For those of you who are curious what we were actually doing in class in yesterday’s post (Record with a Document Camera and a Flip), we were “fingerprinting” the factors of composite numbers with their prime compositions. The wooden “prime number tiles” are created using the backs of Scrabble tiles and the white tiles you see on the board are the student version of the prime number tiles (each of them cut out a sheet of their own prime number tile manipulatives at the beginning of class). Just for the record, I would like to confess to destroying more than 5 Scrabble games in the last 6 months.

I tell students that the prime numbers are like the building blocks of the whole numbers, in the same way that the nucleotide bases (adenine, guanine, cytosine, and thymine) are the building blocks of DNA. It was ironic, then, that at the end of our prime factorization fingerprinting, the board looked (to me) the way an agarose gel electrophoresis looks.

You can also use the prime number tiles to line up the prime factorizations of two numbers (leaving spaces when the prime is not in both numbers) and read the GCF as the intersection of the two lines of tiles and the LCM as the union of the two lines of tiles.

I’ve tried explaining these concepts in writing before (circling common factors and using colors or highlighting to show the steps), but the ability to easily rearrange the prime numbers after they’ve been found makes all the difference.  Students find the prime factorization using a factor tree or short division, then place out all the tiles for each number.  At this point, they can rearrange each row into least-to-greatest order.  Then line up the primes, bumping the whole row when there is no overlap in primes between the composite numbers.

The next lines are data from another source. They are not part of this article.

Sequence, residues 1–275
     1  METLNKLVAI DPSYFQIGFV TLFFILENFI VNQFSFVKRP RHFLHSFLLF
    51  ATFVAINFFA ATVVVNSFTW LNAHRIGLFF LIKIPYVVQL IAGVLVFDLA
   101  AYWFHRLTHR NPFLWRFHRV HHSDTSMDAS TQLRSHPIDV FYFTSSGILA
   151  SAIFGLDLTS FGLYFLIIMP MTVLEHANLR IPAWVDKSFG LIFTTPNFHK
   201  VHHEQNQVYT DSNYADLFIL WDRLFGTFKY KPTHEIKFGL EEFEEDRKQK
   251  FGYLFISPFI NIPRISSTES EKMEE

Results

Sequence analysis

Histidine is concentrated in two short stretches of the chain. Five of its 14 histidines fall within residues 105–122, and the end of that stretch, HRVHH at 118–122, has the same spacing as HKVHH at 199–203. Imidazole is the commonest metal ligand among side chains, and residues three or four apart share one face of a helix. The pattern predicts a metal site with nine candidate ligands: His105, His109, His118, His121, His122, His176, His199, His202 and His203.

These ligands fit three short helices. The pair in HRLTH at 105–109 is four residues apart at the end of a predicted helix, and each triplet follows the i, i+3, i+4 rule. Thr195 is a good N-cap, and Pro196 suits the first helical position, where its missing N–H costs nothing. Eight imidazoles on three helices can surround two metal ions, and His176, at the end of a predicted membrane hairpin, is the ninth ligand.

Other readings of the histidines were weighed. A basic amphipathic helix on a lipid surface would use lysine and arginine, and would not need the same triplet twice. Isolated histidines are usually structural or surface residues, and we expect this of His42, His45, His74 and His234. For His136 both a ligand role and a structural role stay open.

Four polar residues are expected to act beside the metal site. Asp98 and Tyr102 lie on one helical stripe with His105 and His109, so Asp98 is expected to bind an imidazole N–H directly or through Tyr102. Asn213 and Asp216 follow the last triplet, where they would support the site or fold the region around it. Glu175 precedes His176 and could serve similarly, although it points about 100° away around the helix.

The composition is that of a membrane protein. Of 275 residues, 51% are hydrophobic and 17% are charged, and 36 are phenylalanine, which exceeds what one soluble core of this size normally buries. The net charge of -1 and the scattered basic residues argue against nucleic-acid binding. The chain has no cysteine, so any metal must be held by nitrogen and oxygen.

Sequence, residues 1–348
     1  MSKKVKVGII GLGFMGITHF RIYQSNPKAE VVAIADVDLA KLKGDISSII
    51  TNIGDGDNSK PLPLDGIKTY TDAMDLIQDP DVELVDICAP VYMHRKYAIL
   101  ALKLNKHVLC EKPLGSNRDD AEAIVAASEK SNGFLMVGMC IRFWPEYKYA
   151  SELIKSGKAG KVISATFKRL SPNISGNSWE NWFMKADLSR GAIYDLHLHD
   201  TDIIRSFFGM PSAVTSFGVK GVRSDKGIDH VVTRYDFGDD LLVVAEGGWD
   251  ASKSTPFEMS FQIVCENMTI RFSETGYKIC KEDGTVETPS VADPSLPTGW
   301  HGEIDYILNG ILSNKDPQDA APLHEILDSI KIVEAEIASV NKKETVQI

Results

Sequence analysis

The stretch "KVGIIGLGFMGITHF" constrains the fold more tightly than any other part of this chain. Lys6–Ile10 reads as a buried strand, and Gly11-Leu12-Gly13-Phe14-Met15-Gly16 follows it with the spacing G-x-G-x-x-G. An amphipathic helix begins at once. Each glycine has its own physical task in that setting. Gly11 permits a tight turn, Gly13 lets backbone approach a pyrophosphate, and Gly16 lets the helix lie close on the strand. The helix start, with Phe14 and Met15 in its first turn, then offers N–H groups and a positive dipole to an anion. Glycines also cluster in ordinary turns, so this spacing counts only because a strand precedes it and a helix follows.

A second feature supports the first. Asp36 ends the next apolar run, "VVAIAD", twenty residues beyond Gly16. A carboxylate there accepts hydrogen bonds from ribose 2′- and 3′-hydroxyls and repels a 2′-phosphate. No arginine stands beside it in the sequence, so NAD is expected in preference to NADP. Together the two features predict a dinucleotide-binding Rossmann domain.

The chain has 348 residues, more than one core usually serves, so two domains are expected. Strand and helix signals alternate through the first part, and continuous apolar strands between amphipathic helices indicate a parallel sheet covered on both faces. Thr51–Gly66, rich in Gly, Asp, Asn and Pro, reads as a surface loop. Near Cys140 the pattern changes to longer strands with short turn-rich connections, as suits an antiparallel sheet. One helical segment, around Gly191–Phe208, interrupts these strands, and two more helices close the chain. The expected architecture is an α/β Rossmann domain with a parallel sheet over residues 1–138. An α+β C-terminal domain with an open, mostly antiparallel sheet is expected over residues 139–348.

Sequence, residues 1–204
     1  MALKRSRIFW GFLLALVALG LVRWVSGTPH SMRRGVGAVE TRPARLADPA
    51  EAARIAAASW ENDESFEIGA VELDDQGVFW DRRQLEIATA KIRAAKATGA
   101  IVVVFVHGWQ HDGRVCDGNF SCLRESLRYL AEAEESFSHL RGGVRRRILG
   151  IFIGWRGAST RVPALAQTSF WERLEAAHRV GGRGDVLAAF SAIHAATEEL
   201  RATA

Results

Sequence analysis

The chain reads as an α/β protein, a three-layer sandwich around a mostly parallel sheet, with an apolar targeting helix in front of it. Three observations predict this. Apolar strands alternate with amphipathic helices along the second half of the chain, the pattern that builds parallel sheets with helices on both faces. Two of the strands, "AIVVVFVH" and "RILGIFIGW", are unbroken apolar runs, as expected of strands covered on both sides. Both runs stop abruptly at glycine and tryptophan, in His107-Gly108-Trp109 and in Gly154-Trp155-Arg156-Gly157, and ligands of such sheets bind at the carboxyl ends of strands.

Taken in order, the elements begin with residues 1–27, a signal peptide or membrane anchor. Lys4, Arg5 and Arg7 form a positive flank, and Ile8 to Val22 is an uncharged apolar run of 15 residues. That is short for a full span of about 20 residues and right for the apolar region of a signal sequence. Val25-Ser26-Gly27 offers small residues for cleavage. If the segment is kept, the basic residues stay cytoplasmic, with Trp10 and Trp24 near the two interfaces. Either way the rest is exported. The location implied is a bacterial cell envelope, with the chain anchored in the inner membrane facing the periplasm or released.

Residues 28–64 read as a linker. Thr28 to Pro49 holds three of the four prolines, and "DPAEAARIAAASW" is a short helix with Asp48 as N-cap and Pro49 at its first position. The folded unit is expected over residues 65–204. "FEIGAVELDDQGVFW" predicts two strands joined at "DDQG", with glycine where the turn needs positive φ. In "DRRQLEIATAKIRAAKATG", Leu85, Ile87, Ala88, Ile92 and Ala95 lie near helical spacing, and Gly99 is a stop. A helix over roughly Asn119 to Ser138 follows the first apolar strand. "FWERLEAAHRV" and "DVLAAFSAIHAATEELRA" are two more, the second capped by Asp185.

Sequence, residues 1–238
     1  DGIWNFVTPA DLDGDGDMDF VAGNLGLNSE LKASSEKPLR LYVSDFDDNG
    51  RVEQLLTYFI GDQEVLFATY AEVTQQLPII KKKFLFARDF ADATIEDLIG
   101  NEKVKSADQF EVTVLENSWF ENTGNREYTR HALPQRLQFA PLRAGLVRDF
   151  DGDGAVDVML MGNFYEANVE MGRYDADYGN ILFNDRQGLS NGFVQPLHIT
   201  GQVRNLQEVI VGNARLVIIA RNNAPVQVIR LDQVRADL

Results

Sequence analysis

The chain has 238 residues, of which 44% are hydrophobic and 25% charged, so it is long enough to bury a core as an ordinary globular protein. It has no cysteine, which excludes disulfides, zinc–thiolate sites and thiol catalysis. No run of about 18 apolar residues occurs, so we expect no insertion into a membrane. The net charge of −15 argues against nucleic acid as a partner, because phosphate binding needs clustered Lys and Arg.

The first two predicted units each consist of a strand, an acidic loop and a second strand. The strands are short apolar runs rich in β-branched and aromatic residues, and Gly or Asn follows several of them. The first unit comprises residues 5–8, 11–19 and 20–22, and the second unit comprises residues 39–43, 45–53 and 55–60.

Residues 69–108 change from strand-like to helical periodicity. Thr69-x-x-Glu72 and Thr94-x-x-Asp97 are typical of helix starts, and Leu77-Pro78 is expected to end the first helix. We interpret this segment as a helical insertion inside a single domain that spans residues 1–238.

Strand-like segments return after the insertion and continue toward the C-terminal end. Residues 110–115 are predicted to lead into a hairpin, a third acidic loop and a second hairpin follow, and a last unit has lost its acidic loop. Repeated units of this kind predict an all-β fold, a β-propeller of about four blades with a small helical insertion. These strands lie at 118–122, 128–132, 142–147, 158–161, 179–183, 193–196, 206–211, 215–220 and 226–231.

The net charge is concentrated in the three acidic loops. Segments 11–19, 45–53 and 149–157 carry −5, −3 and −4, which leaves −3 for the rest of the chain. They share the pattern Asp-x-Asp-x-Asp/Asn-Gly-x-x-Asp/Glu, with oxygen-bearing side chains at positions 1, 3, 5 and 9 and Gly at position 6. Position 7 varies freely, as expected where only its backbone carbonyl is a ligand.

We also were able to look at more interesting problems now that students could “see” the inner workings of the factorizations better.  For example, find a pair of numbers with a GCF of 42 and an LCM of 4620 (you may not use the “trivial” answer of 42 and 4620).  By constructing a “board” of prime number tiles, starting with the factorization of the GCF and the LCM, students begin to see which primes have to be in the two numbers and which can only be in one of the two numbers.  Note that there will be more than one answer here … which is another interesting discussion to have!

I’ve never seen “prime number tiles” in any math manipulative kit … they were just something I created last semester.  I think this method of using Prime Number Tiles would also be helpful with explaining how to find the GCF in the factoring unit of algebra, and with explaining how to find the LCD in fractions.